Around the room were placed round tables and along the walls, two old sofas. Chris looked into the far recess of the bar and saw that there was actually a stage, reached by four or five steps.
The room had also been painted; it was now a dull, deep orange, and with the main shutter down, and low wattage bulbs, it could easily have been late evening, not afternoon.
Chris took a seat at the bar, next to some Germans who looked half-way pissed already, but smiled at him warmly. He smiled back.
“Heeeeyyy, Chris, welcome back. Haven’t seen you around here for a while,” said Jake the Barman, extending a hand for a complex series of shakes.
“I was here last month.”
“You were ? Where was I ?”
Chris pointed to the end stool,
“Oh, right, I wasn’t working, I’m only out of it when I’m not working, yeah, Yuri was work .. no, let me … Micha ? Hell, I don’t know, what the fuck does it matter, hey ? Oh, Merry Christmas, can I get you a Christmas cocktail ?”
“What’s in it ?”
“Vodka and … vodka.”
“OK, I’ll have a double.”
This made Jake laugh, and they drank together, Jake introducing him to everyone who came in. By evening, Chris was very tipsy, and the bar, which was also looking tipsy, was full. Tom Waits had at some point replaced Neil Young.
A small, well built man with a dark beard and moustache came in and rested both elbows on the bar, staring intensely at Jake.
“Jake. Vodka,” he barked in German. Jake was having difficulty controlling his eyes, which were scanning the room, back and forth, and he was also trying to dance along to the music, but he managed to open a new vodka, pick up three shot glasses in one hand and pour the vodka to the very top of the glasses without spilling a drop. He spoilt this achievement by licking the drips off the bottle.
“Claude … Chris. Chris. Claude,” said Jake, making the introductions. Claude turned the intense gaze on Chris, looking him right in the eyes from across the bar. Then he raised his glass, said, ‘Santé’, and downed it in one gulp. He let out a vodka sigh, shook his head, slapped himself once or twice and clicked his fingers.
“Jake. Noch drei mehr (three more).” Jake repeated the process, Claude repeated his ritual of sighing and slapping, then slammed down some money on the counter and left.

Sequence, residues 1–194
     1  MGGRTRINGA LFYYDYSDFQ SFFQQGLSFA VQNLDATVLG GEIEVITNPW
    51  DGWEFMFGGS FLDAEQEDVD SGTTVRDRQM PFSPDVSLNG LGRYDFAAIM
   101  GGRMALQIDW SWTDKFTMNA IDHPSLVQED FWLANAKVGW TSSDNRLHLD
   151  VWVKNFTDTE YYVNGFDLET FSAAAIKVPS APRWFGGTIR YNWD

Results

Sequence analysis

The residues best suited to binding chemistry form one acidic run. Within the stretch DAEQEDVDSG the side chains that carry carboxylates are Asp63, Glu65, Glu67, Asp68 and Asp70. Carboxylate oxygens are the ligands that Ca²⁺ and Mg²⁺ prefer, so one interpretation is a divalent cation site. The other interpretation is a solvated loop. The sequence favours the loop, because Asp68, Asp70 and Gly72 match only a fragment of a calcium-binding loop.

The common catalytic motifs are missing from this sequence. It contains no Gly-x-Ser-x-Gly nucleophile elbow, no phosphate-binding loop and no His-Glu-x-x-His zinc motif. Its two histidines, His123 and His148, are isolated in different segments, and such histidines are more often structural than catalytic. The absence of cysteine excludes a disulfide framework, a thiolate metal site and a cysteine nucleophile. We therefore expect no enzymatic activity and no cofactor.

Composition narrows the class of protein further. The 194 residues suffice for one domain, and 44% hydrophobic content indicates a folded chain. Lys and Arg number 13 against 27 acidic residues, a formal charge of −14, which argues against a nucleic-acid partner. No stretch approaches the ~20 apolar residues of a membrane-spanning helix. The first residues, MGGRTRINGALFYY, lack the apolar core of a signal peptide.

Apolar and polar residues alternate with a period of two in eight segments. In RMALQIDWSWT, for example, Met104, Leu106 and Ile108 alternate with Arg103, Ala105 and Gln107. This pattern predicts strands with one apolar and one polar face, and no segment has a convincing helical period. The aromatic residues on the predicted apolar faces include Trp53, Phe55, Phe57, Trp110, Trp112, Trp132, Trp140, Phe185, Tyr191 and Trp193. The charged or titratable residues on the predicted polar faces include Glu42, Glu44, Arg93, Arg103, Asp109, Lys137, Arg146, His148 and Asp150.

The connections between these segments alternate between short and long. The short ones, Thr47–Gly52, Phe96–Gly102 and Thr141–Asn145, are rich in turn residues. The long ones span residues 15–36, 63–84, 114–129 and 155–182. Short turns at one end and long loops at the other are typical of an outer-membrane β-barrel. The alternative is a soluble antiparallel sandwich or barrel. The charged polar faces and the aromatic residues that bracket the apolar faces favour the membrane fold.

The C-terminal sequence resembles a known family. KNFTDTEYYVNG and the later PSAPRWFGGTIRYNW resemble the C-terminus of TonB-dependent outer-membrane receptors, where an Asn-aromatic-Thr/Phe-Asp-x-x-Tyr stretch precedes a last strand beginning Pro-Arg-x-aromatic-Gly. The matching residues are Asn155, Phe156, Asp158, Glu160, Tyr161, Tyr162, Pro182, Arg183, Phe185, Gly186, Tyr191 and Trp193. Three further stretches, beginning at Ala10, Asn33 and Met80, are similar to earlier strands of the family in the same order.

Chris had no recollection of leaving, or getting home, or indeed, buying his Christmas Döner, but did find the tell-tale tin foil in his dustbin, along with small chunks of meat and purple cabbage that he kept discovering around his flat over the next days.
On the 28th, Monika called, saying she couldn’t wait to see him. It was then that he told her about Melanie arriving.
The line went dead.
But not for long.
There followed a lengthy conversation with accusations and insinuations, despite all of Chris’ assertions that she was, and always had been, a friend and nothing more. Why should Monika know so many men, and Chris not be allowed any female friends ? Monika easily countered that by mentioning all the ladies of The Gang. Then Chris had a moment of inspired genius,
“All right, it’s for Richard. You know he’s heartbroken.” Monika went silent. Chris pressed on, amazed by his brilliance and enjoying the previously unknown sensation of being victor in an argument’
“And why ? I’m not blaming anyone, here, but, well, all I’m gonna say is that Lorelei is your friend. That’s all. I’ll say no more. If Melanie can help him, be a friend to him, then … yeah, it’s good she’s coming.”
He realized his ending was weak, and knew not to press his point, not to allow Monika too much of a chance for a killer comeback.
It ended with Monika telling him what a great friend he was to Richard and how much she really loved him.
He didn’t tell her about losing his job and not knowing how he would pay the rent in February.